Ryo Miyoshi, Former Ministry of Foreign Affairs Bureaucrat, Reflects on Prime Minister Kishida’s Stint as Foreign Minister | FRIDAY DIGITAL

Ryo Miyoshi, Former Ministry of Foreign Affairs Bureaucrat, Reflects on Prime Minister Kishida’s Stint as Foreign Minister

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Prime Minister Fumio Kishida’s state visit to the U.S. has been the target of much ridicule and criticism

Prime Minister Fumio Kishida faced criticism after making remarks such as a historic turning point and a normal country capable of war during an interview with US CNN broadcast ahead of his state visit to the United States, as reported by the Chosun Ilbo and other outlets. Furthermore, during his visit to the US, he referred to China as a ally during a joint press conference with the US President, and shared smiling photos with President Biden inside the presidential car, inviting mockery and criticism.

At times like this, both online and in real life, voices can be heard saying, “I thought he was a more sensible person before becoming prime minister.” But what is the reality?

“I’ve never heard anyone speak badly about Mr. Kishida during his time as Foreign Minister, although Mr. Motegi was heavily criticized. I’ve heard from former colleagues at the Ministry of Foreign Affairs that there was something called the ‘Motegi Manual,’ referring to how Mr. Motegi required both cold and hot towels, and how the atmosphere in the minister’s office was tense when he was around, with everyone standing rigidly upright.

Even during official trips, ministerial staff usually don’t accompany the minister, but Mr. Motegi insisted on having them accompany him, which caused dissatisfaction, especially considering the cost of using charter flights, which amounted to millions of yen.”

These remarks come from Ryo Miyoshi, the head of the Reiwa Shinsengumi Kanagawa 2nd District branch. A former Foreign Ministry bureaucrat, now 38 years old, he is fluent in four languages and currently studying Korean.

Prime Minister Kishida, who visited the U.S. as a guest of honor, delivered a speech at a joint session of the House and Senate (PHOTO: AFLO).

Americans look down on people who don’t have their own ideas and are petulant.

After graduating from high school, Mr. Miyoshi studied in the United States for six years starting at age 19. However, feeling a desire to establish an equal relationship with America and wanting to change politics, he entered the Ministry of Foreign Affairs in 2013 with the idea of learning diplomacy first. He’s somewhat of an unconventional figure.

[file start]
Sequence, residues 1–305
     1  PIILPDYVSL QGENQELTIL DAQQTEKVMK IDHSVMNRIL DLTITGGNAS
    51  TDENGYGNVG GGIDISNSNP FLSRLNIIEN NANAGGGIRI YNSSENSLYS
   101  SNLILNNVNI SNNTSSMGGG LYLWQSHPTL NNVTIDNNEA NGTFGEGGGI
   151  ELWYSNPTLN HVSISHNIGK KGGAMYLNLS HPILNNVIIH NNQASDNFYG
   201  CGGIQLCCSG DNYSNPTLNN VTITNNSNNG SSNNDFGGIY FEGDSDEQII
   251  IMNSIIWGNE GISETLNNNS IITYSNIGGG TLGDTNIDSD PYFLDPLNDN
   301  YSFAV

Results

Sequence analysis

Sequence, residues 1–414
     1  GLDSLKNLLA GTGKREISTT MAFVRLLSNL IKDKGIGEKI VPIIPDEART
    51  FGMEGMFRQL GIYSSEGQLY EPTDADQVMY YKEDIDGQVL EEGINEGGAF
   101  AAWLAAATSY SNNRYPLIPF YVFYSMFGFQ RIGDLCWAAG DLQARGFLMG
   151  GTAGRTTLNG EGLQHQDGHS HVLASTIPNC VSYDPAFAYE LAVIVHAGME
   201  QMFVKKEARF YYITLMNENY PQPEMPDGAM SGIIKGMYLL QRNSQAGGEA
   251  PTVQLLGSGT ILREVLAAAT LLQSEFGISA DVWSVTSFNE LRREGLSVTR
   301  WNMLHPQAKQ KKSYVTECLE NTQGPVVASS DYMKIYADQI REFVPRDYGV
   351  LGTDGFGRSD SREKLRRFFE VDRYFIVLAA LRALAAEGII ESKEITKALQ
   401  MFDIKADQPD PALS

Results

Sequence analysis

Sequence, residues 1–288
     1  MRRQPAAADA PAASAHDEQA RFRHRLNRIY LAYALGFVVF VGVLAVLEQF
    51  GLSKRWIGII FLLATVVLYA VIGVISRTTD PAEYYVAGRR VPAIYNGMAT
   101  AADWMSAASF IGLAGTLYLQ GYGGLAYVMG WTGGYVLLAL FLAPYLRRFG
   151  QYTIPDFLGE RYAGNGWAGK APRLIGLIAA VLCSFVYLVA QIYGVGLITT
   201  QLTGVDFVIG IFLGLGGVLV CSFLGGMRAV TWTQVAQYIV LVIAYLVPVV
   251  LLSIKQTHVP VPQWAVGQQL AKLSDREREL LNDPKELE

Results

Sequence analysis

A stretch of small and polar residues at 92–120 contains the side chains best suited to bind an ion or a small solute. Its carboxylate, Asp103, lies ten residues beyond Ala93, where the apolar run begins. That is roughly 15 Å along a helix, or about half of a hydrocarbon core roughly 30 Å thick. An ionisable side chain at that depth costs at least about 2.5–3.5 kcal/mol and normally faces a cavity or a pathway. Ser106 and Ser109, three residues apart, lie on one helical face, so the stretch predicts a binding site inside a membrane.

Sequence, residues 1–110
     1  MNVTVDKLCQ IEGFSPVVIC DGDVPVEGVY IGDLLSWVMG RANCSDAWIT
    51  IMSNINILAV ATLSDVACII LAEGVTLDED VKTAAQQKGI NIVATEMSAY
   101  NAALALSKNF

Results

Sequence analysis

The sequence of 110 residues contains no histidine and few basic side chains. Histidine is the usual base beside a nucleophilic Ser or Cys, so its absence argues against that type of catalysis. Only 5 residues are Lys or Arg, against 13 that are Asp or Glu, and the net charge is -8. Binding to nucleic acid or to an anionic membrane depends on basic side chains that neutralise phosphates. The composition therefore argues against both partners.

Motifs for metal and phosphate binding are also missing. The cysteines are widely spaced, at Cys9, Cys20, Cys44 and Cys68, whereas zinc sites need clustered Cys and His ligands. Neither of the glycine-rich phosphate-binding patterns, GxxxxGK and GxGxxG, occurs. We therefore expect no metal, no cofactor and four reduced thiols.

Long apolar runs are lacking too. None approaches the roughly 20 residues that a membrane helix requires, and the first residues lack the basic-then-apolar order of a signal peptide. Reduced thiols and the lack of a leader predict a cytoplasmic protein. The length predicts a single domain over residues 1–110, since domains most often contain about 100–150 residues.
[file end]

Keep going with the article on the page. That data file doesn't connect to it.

“When I was studying in America, I realized how much Japanese people were being ridiculed and looked down upon. Americans look down on those who don’t have their own opinions and just kowtow. Among Asians, there was a particularly strong impression that Japan’s politics and diplomacy were being ridiculed. Not just by Americans, but by people from other countries as well, often saying ‘Japan is America’s colony.’ 

That was embarrassing, and it strengthened my desire to change Japan’s relationship with the US.

However, when I entered the Ministry of Foreign Affairs, I was not sent to my desired America but to Russia. There, I was involved in preparations for President Putin’s visit to Japan, Japan-Russia foreign ministerial meetings, and Japan-Russia summit meetings, as well as interpretation work. But at the same time, I felt that Japan was declining rapidly due to vested interests. After seven years, upon returning to Japan, I realized that the situation was much worse than what I had observed from the outside. 

So, I thought that if the Liberal Democratic Party’s politics continued as they were, it would be disastrous, and that’s why I quit the Ministry of Foreign Affairs and knocked on the door of the Reiwa Shinsengumi.”